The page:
The continued decline in oil, the strengthening US Dollar, Central Bank actions (Swiss National Bank, ECB QE), global deflationary fears, the attacks in Paris and Greek elections all weighed on investors at the start of the year; with January being a veritable feast of potential game changing events for investors to digest. A month often referred to as the most depressing month of the year was particularly so for any investors with short positions in the Swiss Franc, as the Swiss National Bank (SNB) took the sudden decision to abolish its defence of the peg against the Euro, imposed in 2011 and establishing a minimum exchange rate of EURCHF 1.20.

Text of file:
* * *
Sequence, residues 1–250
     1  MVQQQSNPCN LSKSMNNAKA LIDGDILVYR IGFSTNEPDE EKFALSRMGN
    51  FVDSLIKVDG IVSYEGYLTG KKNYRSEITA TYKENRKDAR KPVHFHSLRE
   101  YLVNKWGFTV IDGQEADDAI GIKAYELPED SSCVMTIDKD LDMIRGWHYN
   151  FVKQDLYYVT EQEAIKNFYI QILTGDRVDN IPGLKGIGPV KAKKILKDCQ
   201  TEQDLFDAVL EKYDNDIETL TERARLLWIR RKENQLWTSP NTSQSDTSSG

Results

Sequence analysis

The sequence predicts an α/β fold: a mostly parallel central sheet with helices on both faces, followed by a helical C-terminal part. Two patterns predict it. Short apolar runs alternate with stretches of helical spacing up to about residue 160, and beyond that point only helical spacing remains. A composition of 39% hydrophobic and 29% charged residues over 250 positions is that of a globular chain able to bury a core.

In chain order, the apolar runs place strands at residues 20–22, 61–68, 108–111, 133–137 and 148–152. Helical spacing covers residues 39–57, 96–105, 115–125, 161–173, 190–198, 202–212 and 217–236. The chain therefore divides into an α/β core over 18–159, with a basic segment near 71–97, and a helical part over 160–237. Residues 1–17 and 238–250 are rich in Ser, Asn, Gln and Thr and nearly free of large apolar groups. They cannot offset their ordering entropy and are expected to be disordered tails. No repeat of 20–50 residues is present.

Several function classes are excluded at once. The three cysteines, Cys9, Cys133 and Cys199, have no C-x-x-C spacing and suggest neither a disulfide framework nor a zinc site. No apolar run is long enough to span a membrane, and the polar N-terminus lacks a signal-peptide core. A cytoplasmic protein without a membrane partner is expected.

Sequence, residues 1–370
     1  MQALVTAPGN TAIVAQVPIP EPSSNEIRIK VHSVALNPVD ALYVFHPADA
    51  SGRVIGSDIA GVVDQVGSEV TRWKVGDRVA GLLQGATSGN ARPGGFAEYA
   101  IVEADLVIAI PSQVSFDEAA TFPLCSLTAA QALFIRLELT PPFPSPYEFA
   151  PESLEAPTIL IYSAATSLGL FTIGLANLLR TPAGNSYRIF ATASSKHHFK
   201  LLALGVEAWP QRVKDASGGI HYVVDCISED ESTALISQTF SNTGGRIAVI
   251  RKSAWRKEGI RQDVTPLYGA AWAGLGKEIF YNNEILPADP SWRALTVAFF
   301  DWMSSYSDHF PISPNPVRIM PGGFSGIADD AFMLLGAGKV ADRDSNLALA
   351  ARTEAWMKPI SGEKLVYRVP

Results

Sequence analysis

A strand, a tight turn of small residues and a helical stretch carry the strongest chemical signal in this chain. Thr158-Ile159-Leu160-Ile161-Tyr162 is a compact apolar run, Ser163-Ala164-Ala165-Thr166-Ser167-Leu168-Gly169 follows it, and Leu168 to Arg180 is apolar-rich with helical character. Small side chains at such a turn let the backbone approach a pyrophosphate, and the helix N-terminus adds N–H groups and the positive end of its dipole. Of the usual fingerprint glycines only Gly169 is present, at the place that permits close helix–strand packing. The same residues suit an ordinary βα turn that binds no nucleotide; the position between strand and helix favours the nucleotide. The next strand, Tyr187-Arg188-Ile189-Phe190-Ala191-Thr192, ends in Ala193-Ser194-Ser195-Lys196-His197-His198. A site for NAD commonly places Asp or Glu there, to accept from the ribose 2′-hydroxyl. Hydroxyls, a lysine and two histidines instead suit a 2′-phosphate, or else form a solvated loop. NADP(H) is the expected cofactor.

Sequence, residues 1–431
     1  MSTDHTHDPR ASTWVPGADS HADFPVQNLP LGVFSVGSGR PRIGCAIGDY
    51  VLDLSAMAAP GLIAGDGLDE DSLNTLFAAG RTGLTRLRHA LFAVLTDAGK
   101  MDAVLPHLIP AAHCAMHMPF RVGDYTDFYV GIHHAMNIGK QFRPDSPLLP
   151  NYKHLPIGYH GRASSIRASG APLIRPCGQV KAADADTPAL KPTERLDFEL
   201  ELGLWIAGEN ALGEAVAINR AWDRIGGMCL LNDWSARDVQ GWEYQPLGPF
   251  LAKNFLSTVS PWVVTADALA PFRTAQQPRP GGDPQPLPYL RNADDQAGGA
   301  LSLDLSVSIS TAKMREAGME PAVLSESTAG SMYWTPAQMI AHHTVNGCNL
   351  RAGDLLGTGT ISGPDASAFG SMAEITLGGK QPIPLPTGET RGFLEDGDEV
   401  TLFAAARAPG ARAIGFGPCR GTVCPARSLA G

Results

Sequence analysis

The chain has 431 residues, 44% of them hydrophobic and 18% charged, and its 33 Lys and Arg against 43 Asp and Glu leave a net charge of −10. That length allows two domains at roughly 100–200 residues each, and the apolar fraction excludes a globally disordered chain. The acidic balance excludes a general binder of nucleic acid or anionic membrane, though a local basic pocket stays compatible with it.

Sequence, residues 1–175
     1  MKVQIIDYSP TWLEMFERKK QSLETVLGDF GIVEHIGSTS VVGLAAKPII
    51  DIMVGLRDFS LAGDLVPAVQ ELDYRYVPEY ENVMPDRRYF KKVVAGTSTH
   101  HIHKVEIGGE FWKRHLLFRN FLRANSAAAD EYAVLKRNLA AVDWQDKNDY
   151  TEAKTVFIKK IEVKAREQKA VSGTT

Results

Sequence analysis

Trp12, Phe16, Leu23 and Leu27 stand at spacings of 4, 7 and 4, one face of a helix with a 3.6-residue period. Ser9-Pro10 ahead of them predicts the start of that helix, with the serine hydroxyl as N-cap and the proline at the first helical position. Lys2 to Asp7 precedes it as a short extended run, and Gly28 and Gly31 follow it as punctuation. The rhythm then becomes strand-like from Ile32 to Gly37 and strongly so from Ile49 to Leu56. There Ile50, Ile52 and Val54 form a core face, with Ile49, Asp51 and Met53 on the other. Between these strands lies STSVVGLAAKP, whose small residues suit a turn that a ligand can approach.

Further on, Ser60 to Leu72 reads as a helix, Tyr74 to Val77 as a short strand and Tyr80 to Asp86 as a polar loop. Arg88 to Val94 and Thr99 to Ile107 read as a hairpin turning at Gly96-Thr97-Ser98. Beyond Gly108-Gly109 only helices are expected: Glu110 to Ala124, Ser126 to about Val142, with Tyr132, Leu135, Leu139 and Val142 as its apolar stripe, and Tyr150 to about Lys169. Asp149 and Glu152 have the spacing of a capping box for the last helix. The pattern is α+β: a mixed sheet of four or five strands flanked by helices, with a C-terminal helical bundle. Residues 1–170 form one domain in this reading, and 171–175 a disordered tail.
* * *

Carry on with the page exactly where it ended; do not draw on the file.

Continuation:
The SNB had previously committed to the utmost defence of the cap only a month earlier. This immediately sent the Swiss Franc soaring almost 30%, temporarily freezing FX markets. The move was described as a “20-plus-standard-deviation move” by the CFO of Goldman Sachs – theoretically removing the likelihood of a similar move for at least a billion years. The Swiss economy is heavily export centric and Swiss equities were battered by the move, falling over -14% in the aftermath of the announcement and finishing the month down -6.66%.